Saltwater Country currently develops and oversees a number of evidence-based programs delivered with cultural integrity, allowing students to train in the safety of their own communities across the disciplines of horsemanship, equine therapy, agribusiness, marketing and event management.
“The collective success of our people in delivering events and programs is empowering in the social, emotional and economic development and advancement of Indigenous people in the north. It provides real time experience and solutions - it's a place for our people to shine. It’s also an opportunity for training and development with transferable skills,” said Cara.
“Winning the award is great recognition of the work that we've undertaken and I hope that it will generate the network and support that we need to achieve all the things we aim to achieve. If I can create opportunities for others out of that, and play a part in the collective strength of our people, that’s what I’m going to do every day”.
“I am extremely thankful to AgriFutures and Westpac, not only for the award but for the opportunity to showcase the resilience and ingenuity of our indigenous communities in the Kimberleys. It's been great to be in a cohort of such strong, high achieving women and the support that also comes with that”, she said.
Established in 1999, the AgriFutures Rural Women's Award celebrates and inspires the next generation of female leaders in rural and regional industries, businesses and communities.
John Harvey, AgriFutures Australia Managing Director, congratulated Cara on winning the Award and said she demonstrated exceptional leadership qualities and a passion for bettering the lives of others.
“Cara’s work is a clear conduit to a future, built sustainably for rural and remote Indigenous people, by Indigenous people. She has continued to operate in the toughest of times, whilst having real impact, and has been central to driving hope and lasting change within the Kimberley. I am confident this bursary will go some way to supporting Saltwater Country in realising its full promise”.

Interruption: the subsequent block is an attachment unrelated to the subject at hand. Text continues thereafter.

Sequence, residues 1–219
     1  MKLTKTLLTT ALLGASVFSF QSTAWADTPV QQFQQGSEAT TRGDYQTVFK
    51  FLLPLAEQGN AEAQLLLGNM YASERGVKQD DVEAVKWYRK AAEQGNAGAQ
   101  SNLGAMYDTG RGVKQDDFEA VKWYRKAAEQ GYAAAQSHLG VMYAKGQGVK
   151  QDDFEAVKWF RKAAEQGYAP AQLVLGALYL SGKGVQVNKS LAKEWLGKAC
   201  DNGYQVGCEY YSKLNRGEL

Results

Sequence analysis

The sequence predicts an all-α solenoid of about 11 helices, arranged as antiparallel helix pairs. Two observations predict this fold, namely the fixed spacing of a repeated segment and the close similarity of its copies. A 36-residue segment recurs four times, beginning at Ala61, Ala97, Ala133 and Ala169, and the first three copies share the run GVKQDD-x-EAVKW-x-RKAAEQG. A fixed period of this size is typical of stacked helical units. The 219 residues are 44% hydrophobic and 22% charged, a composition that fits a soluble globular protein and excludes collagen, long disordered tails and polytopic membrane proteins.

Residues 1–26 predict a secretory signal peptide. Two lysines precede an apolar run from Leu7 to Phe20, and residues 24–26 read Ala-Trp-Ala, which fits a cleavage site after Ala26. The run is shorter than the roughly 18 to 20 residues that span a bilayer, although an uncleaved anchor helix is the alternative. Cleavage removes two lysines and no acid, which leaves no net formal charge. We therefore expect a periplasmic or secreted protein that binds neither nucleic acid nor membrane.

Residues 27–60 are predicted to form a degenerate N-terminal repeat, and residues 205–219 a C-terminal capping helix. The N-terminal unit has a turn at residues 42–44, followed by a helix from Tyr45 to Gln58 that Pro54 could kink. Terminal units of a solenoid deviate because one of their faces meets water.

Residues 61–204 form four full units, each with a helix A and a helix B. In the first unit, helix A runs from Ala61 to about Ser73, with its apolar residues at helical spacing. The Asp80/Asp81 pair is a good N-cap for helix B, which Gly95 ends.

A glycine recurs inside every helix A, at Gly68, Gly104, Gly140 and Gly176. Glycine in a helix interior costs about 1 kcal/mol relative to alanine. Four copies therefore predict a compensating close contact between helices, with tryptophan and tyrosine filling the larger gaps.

Stephen Hannan, National General Manager, Westpac Agribusiness also congratulated Cara for her project and winning the coveted National Award.
“Cara’s recognition as this year’s winner is a celebratory tribute to women in rural and regional Australia, whose drive and dedication can sometimes go unnoticed. We know there are thousands of women committed to making a positive contribution to their industry, and for the prosperity of their local communities, who would benefit from having additional industry support. Across Australia, it’s something we see firsthand from our customer relationships, and it is why Westpac continues to sponsor these awards,” he said.
Cressida Cains, National Runner Up, took home a further $5,000 Westpac bursary for Dairy Cocoon, a non-for-profit digital platform designed to assist small-scale farmers.
Other national finalists included:
Rural mental health advocate, Kelly Barnes (Dunkeld, VIC)
Horticultural expert, Karen Brocks (Winkleigh, TAS)
Business woman and livestock marketer, Elisha Parker (Clermont, QLD)
Rural psychologist, Stephanie Schmidt (Burra, SA)
Marine biologist and sustainable aquaculture advocate, Amy Kirke (Darwin, NT)